Viking Tries: The NFL Combine
February 11, 2019
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From the breakneck speed of Cincinnati Bengals’ wide receiver John Ross (4.22 second forty yard dash) to the mountain-moving strength of Carolina Panthers’ defensive tackle Dontari Poe (44 reps of 225 lb bench press), the NFL combine has been the place for league hopefuls to showcase their skills since 1982. The combine is a massively important event for players where they undergo various drills and workouts to prove their athleticism for the league scouts, coaches, and general managers in attendance. Generally, each position focuses on different drills that it is more necessary for them to be good at; wide receivers and corners are most keen on doing well in the speed drills as pace is important to their position; offensive and defensive lineman are observed most heavily in the strength; quarterbacks in accuracy, etc. There is also an intellectual aspect to the combine that includes the Wonderlic intelligence test, something that Viking Tried in a previous issue. Partaking in the months just before the NFL draft, the combine is a huge determinant of how high players get drafted. Based on how well or poor players do at the combine, their position in the draft can drastically improve or fall depending on their performance, as the combine is the only place where all athletes will be competing together at the same time for all team scouts to see. Despite being in the middle of the offseason and having almost zero competitive football played, April’s combine has historically been home to some vastly entertaining moments. Home to famed blooper moments, such as cornerback Shamarko Thomas faceplanting after his forty yard dash attempt or defensive tackle Chris Jones’ accidentally exposing his private parts. Home to athletic marvels such as Bo Jackson’s unofficial 4.12 forty yard dash time or defensive back Byron Jones setting a world record broad jump at twelve feet three inches. Home to eyebrow-raising drama such as linebacker Reuben Foster’s meltdown where he nearly punched a scout or quarterback Josh Allen having old racist tweets resurface. Home as well as to the ever important off the field questionnaires that included quarterback Drew Lock being interrogated about a math test he cheated on in the ninth grade, defensive end Austen Lane being asked what weapon he would choose to murder someone, or perhaps most blasphemously, the Falcons asking a few players whether they thought their mother was attractive or not. The combine certainly has it all, so here at Viking we thought we would test it out to see if we had what it takes to compete with premier league talents.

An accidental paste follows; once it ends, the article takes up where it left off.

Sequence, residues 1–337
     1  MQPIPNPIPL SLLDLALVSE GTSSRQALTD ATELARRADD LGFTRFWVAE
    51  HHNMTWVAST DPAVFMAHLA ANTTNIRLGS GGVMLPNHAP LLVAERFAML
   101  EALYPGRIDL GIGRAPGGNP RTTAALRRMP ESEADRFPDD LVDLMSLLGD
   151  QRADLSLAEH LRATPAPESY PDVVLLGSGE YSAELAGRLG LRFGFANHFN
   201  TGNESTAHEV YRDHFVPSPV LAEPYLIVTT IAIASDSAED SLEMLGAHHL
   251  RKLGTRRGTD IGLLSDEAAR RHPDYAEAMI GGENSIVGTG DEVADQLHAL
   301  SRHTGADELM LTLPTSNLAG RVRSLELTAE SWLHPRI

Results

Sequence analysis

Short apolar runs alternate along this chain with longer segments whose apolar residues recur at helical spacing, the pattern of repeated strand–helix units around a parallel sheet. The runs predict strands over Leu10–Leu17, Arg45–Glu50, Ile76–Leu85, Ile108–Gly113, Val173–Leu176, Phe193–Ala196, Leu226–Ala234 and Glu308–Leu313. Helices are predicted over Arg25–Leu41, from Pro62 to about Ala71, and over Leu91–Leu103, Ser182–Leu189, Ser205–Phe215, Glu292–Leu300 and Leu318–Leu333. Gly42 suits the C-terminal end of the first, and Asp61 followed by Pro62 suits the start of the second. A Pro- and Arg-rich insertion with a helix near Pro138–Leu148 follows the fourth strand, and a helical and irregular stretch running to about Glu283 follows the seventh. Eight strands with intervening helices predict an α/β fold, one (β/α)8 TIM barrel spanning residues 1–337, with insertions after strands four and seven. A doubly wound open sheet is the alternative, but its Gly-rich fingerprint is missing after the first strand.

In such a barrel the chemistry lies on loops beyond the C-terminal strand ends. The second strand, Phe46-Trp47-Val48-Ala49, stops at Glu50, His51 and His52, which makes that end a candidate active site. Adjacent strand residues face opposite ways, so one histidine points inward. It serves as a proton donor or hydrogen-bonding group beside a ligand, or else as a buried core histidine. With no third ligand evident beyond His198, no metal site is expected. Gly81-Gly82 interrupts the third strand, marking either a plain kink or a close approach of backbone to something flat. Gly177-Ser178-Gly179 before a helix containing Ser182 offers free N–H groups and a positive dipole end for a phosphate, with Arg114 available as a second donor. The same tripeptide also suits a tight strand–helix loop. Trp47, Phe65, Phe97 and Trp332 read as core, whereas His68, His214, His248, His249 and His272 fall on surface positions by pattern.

Despite our otherworldly athleticism, we were not able to secure invites to the NFL combine, so we set up a slightly adjusted version right here at Hod Ray stadium. Our version included the ever important speed test of the forty yard dash, an accuracy test displaying quarterbacking skill, broad and vertical jumps to test air abilities, a 20 yard shuttle to test agility and reaction times, and the famed bench press, although slightly lowered in difficulty due to our lack of strength. You can find our results next to our player profiles.
In light of the NFL combine, former Paly quarterback Keller Chryst is currently preparing for his pro day at the University of Tennessee. We reached out to him asking for his thoughts on if pro days and the NFL combine truly measure the skill set of a player, he replied: “In general the testing has a ~15% relation to being a good football player”. However, Chryst later went on to say “For under the radar players, impressing scouts, coaches and teams with good testing numbers can get them to take the time to even evaluate their game film because so many players go unnoticed because teams don’t even watch their game film”. Hearing this makes the NFL combine sound like a great platform for underrated players to show scouts their athletic ability and potential. However, the combine can also weed out players who may have great game film by putting up very bad numbers.
We also asked Chryst what he was doing to prepare for his pro day. “I’ve been running shuttles day after day and explosive drills and exercises in the weight room”, we wish the best of luck to Keller as he is grinding for a shot at the NFL, however, we know he doesn’t need luck because he has hard work and experience.